What Does an Equine Dental Technician (Horse Dentist) Do?

Before you decide whether or not to train as an Equine Dental Technician (EDT) it is important to have a good understanding of the work that will be involved and what your life will be like.

The job involves being responsible for the care and maintenance of horses teeth. As you will be treating horses you will likely find that the job is very physically demanding due to the sheer size and strength of these animals. You need to be able to handle the horse and rasp the teeth which can be done manually or using power tools.

In addition to the manual side of the job there are also other considerations. Many EDTs work on a self employed basis. If you plan to work this way you will need to look after the sales and marketing, finance, diary management, appointment taking and dealing with customers.

As you will be travelling to many different yards you will need a full driving licence and your own transport.

The term Equine Dental Technician is used rather than equine dentist or horse dentist as the term dentist is protected for qualified human dentists only.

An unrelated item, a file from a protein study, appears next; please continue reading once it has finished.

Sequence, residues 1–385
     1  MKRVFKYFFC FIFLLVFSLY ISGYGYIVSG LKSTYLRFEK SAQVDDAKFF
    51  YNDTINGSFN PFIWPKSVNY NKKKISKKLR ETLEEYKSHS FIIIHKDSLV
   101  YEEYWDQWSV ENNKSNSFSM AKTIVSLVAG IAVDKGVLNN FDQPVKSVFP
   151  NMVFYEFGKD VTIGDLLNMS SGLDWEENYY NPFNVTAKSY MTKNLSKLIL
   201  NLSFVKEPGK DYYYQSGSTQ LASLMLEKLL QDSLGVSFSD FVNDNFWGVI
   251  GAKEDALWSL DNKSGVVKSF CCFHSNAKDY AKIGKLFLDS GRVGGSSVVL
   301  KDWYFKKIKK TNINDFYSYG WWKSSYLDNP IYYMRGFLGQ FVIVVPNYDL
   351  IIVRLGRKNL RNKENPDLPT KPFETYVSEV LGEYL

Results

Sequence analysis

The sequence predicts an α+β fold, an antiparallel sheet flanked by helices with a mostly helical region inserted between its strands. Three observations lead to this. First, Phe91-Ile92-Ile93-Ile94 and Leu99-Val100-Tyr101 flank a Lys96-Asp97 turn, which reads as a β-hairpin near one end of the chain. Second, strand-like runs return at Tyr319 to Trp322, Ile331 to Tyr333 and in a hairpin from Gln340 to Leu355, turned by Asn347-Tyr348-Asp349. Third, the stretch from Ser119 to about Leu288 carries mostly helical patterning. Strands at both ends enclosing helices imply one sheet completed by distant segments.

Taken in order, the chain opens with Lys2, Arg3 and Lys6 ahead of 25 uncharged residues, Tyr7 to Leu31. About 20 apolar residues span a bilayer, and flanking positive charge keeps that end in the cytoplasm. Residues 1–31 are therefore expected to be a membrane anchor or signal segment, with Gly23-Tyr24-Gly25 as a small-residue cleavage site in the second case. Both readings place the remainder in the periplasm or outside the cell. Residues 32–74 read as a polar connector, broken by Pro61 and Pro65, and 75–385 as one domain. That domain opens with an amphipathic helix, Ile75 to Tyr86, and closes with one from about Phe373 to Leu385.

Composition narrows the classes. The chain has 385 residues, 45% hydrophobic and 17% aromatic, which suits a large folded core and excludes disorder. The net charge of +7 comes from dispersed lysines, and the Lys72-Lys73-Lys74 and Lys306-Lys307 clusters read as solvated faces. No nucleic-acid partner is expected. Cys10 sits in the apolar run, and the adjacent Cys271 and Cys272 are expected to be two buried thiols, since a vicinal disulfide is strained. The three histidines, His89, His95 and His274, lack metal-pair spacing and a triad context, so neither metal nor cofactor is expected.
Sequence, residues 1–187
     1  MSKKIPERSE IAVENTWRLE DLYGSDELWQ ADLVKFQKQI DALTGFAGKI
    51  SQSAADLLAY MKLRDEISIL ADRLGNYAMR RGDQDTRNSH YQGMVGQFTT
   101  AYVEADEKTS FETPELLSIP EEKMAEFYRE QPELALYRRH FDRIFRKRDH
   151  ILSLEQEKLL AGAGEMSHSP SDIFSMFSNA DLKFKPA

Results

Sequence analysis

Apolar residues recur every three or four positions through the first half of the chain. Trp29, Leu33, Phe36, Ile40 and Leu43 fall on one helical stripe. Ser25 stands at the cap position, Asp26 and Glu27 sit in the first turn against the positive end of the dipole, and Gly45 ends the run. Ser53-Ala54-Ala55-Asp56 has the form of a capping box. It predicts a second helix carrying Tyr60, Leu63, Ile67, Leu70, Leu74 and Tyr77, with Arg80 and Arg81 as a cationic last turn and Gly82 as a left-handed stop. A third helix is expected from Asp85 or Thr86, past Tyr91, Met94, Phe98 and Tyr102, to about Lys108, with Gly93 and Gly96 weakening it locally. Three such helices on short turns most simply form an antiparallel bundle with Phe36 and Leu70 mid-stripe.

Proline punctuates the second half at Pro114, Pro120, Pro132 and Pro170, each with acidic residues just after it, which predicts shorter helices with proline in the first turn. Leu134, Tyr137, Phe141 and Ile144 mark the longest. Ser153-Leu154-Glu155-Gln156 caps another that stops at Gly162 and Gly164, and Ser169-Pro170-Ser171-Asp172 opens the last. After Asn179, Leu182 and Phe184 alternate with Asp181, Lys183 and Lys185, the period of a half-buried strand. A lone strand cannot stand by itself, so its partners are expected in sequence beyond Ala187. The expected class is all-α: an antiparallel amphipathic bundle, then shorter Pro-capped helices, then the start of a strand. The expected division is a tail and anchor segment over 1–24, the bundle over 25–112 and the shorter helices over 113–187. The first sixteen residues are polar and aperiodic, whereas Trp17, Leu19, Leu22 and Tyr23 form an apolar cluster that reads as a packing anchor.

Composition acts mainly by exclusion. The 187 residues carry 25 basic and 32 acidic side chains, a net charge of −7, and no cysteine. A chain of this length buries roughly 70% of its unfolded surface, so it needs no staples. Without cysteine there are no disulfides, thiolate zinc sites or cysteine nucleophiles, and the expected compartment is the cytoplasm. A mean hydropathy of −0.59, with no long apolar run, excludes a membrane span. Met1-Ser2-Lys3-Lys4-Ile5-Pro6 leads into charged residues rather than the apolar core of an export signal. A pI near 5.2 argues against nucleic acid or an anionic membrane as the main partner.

The work that can be done to horses teeth is divided into 3 categories:

Category 1 includes general rasping of the teeth and removal of any tartar that is found above the gum line. This work can be undertaken by any technician there are no rules currently regarding qualification for this type of work.

Category 2 procedures are potentially more invasive and include the use of power tools for equine dentistry, extraction of loose teeth and wolf teeth and treatment of fractured teeth. These procedures can be carried out only by a qualified EDT that has passed a DEFRA approved exam such as the BEVA/ BEDA exam. Category 2 procedures by their nature may sometimes require anaesthetic or sedation which can only be administered by a vet.

Category 3 procedures are surgical procedures that should only be carried out by a vet.

When first setting up in business there is going to inevitably be an outlay not just to cover the cost of training and education but also to cover tools and equipment that you will need to carry out the work. The tools you will need may depend on the level of qualification you have for example a DEFRA qualified EDT may choose to also purchase power tools in addition to speculum and rasps that you will need.